BibTeX:
@article{Gilbert2008,
  author = {Gilbert, John W. and Wheeler, Greg R. and Kreft, Martin P. and Upadhyay, Shailesh P. and Storey, Benjamin B. and Spitalieri, John R. and Mick, Gregory E. and Gibbs, Richard A.},
  title = {Repeat Upright Positional Magnetic Resonance Imaging for Diagnosis of Disorders Underlying Chronic Noncancer Lumbar Pain},
  journal = {Journal of Manipulative and Physiological Therapeutics},
  year = {2008},
  volume = {31},
  number = {8},
  pages = {627--631},
  note = {Upright MRI Fonar},
  url = {http://www.sciencedirect.com/science/article/pii/S016147540800239X}
}
Gilbert, J.W., Wheeler, G.R., Lingreen, R.A., Johnson, R.K., Scheiner, S.J., Gibbs, R.A., Upadhyay, S.P. and Gyarteng-Dakwa, K. Imaging in the position that causes pain 2008 Surgical Neurology
Vol. 69(5), pp. 463-465 
article URL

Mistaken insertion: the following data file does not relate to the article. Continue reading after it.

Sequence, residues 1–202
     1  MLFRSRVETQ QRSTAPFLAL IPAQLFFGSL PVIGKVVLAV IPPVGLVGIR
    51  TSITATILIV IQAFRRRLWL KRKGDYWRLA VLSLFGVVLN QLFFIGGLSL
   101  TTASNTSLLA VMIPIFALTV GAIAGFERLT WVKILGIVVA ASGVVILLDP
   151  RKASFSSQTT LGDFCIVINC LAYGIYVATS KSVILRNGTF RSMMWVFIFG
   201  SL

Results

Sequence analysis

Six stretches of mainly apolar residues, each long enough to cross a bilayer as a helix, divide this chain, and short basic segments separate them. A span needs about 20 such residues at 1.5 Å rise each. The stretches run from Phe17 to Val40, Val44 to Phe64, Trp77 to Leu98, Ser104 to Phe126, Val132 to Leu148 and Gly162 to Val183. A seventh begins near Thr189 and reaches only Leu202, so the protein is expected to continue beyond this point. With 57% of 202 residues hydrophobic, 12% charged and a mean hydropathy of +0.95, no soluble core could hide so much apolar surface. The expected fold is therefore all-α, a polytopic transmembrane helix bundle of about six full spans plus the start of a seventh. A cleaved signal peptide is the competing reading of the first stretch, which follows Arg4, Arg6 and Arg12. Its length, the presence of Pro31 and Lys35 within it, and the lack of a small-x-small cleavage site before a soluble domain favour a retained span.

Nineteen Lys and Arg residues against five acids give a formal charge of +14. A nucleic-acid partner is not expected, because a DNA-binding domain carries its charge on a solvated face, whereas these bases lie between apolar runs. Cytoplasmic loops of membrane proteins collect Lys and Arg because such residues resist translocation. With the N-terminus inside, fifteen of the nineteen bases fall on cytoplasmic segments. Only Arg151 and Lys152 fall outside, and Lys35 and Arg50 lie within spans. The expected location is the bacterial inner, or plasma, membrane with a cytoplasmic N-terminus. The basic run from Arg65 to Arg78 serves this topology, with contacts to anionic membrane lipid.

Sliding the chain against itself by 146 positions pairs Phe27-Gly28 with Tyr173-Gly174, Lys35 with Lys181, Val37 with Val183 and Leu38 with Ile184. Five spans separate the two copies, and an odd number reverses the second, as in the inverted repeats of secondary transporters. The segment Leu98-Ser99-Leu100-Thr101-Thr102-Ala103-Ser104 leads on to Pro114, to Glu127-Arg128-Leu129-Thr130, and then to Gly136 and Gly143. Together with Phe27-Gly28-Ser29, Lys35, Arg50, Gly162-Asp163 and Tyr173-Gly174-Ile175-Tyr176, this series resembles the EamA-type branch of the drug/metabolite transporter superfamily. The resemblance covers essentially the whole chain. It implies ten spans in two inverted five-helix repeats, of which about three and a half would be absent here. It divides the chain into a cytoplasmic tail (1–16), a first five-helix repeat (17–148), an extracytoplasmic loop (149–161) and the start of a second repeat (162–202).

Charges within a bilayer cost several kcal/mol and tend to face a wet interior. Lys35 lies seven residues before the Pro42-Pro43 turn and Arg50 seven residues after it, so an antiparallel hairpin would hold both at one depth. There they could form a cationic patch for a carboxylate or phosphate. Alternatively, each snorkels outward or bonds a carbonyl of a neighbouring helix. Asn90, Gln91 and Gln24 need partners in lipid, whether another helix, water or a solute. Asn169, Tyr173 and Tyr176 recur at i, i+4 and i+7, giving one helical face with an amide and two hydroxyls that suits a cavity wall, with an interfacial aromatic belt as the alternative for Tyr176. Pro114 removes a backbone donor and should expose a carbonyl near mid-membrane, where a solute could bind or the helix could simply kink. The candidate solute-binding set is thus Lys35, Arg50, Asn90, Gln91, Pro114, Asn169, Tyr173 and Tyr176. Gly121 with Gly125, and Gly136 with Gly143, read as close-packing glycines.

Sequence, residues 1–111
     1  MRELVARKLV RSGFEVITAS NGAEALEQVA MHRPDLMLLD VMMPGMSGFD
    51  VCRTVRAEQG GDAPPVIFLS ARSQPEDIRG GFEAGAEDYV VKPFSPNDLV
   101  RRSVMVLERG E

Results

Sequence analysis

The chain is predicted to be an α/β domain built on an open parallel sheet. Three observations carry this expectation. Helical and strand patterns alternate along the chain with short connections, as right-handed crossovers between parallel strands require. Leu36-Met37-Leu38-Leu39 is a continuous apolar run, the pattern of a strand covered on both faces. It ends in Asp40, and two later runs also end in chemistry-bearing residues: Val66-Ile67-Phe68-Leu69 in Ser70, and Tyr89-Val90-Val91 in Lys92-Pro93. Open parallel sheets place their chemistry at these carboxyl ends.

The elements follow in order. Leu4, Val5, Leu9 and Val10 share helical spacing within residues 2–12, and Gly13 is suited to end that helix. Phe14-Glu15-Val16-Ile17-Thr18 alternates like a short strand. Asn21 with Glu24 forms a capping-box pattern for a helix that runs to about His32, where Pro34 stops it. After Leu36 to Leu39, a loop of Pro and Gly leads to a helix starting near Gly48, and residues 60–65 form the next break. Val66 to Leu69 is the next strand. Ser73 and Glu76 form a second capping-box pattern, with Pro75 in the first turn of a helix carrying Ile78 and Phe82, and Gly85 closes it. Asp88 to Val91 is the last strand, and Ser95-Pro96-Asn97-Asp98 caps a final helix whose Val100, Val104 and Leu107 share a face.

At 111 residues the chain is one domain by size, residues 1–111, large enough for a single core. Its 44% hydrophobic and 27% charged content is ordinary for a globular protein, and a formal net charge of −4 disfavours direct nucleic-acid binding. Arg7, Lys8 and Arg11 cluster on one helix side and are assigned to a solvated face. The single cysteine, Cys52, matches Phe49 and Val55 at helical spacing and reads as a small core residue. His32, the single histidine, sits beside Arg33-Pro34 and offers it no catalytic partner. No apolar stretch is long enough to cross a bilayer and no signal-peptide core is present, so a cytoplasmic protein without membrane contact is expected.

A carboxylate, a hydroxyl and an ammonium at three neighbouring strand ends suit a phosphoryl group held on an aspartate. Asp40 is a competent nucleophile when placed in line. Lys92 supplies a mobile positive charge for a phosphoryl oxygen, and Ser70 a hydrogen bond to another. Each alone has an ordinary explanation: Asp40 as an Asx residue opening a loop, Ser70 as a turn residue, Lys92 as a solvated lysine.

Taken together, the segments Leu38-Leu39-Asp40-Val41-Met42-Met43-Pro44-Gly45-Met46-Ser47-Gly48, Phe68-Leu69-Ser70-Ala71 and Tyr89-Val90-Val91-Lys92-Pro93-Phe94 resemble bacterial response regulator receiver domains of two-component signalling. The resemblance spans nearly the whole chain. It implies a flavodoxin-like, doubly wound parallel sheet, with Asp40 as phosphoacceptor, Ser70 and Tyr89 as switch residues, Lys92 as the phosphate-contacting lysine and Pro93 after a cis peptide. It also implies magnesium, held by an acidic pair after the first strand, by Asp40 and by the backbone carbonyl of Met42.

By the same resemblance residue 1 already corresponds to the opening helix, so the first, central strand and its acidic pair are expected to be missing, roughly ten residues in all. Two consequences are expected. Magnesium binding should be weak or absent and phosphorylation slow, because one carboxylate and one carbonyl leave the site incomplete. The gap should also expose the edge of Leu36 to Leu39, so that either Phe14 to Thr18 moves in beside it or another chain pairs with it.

Abstract: Background Magnetic resonance imaging has the diagnostic advantages of being noninvasive and able to visualize soft tissue. However, conventional recumbent MRI may underestimate a disease because the position of imaging takes stress off the spine. Case Description A 37-year-old woman presented with complaints of pain in the neck that radiated down her right arm when she turned her head to the right and increased with extension. She complained of paresthesias, numbness/tingling in the index and middle fingers and thumb, in the C6 and C7 nerve root dermatomes. Conventional conservative measures, including anti-inflammatories, muscle relaxants, opiates, and physical therapy, had been tried without positive results. Magnetic resonance imaging was performed in a weight-bearing upright neutral position, in the extended upright position, and in the extended upright position with the head turned to the right. The latter images showed a clear protrusion at C5-C6 and C6-C7. These protrusions were not clearly evident in the upright neutral position. A targeted epidural block at C5-C6 and C6-C7 relieved the patient's pain, and she has been able to continue work. Conclusions Magnetic resonance imaging of the cervical spine in the position that causes the patient's symptoms may increase the sensitivity and accuracy of the diagnostic study and thus provide the spine-care professional with a potentially more accurate diagnosis and a targeted treatment plan. Such MRIs may also decrease the need for myelography.